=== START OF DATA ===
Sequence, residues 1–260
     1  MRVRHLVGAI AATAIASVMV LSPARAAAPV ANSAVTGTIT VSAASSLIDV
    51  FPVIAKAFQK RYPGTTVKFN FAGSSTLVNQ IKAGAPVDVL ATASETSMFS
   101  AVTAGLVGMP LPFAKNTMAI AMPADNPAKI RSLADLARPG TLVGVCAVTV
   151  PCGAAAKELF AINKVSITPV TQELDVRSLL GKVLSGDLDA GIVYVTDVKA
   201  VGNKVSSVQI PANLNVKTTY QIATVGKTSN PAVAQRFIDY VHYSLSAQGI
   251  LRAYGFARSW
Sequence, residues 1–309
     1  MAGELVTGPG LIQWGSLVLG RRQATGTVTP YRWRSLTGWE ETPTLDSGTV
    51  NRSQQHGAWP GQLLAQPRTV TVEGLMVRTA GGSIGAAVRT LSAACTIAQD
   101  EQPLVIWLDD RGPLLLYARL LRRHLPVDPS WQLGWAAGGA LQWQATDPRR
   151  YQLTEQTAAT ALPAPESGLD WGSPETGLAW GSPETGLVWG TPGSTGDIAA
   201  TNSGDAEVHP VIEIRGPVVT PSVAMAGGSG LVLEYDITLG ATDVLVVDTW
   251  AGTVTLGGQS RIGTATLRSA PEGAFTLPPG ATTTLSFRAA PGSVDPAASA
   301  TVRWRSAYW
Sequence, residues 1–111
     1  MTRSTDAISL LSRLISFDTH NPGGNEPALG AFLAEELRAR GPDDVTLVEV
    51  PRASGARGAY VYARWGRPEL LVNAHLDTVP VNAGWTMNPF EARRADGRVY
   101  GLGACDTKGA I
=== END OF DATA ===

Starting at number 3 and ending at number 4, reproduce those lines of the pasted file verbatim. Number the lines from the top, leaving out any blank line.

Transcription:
    51  FPVIAKAFQK RYPGTTVKFN FAGSSTLVNQ IKAGAPVDVL ATASETSMFS
   101  AVTAGLVGMP LPFAKNTMAI AMPADNPAKI RSLADLARPG TLVGVCAVTV